Health app wins first Hartree hackathon
06 Feb 2017



Chinmaya Mishra, James Wright and Nick de Pennington met at the Hartree Hack and formed the team which developed the winning app.


​​​Credit: STFC​


​A neurosurgeon, engineer and statistician are the winners of the first Hartree Hack with an app designed to monitor the health of patients with chronic conditions in the community.

The two and a half day hackathon event gave seven teams of developers, designers and “ideas people” the opportunity to gain knowledge and new skills in IBM Watson APIs and apply them to create a web or mobile-based app to address a challenge of their choice, before delivering a five minute pitch to a panel of judges.

Nick de Pennington from Oxford University Hospital NHS Trust, and James Wright and Chinmaya Mishra, who are both PhD students from the University of Liverpool, met at the event and devised C.H.A.T.S (the Chronic Health Automated Telephone System) to help address the increasing demand on health services due to higher levels of patients being diagnosed with chronic diseases and an ageing population. They hope that their app could potentially improve disease monitoring, prevent patients’ conditions deteriorating before additional medical intervention is needed, and empower patients to be better able to manage their own wellness.

Their app concept uses Watson API tools, including text to speech, speech to text and Alchemy, to understand and classify people’s emotional wellbeing to assist healthcare providers and empower patients in managing their conditions. The team will now benefit from £25,000 worth of support from the Hartree Centre to further develop their app and take it forward.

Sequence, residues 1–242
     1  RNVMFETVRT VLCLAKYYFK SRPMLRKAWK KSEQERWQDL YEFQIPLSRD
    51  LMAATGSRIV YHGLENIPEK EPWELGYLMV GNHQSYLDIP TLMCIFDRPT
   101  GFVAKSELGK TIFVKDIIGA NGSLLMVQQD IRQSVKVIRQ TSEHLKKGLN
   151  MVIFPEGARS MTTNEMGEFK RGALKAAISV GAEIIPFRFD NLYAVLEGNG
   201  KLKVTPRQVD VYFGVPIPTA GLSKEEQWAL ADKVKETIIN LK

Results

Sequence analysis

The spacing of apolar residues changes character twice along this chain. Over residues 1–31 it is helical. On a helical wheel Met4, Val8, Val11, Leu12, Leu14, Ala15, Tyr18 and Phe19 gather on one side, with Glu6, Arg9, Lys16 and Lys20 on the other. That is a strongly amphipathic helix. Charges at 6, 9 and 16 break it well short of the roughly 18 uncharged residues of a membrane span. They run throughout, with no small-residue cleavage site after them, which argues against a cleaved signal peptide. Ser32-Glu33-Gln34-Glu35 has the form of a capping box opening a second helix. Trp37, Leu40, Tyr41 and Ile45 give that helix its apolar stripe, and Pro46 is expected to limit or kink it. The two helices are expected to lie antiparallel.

Nick de Pennington said: “It was a fantastic experience. We’re still trying to get to grips with the fact that we won. What we’ve got now is a great starting point to build from and we’re looking forward to working with the Hartree Centre to implement the feedback we got from the judges and develop the project further.”

This was the first Hartree Hack event, but future events centred on themes are being planned. If you would like to know more about how you can get involved, please contact Karen Lee, Head of Impact and Engagement.

These courses are suitable for PhD level (aspiring for, achieved or equivalent) researchers in academia or industry in any STEM subject who encounters complex application problems that require significant resources in one of the subject areas.

Read the full news item.

View all photos from the event.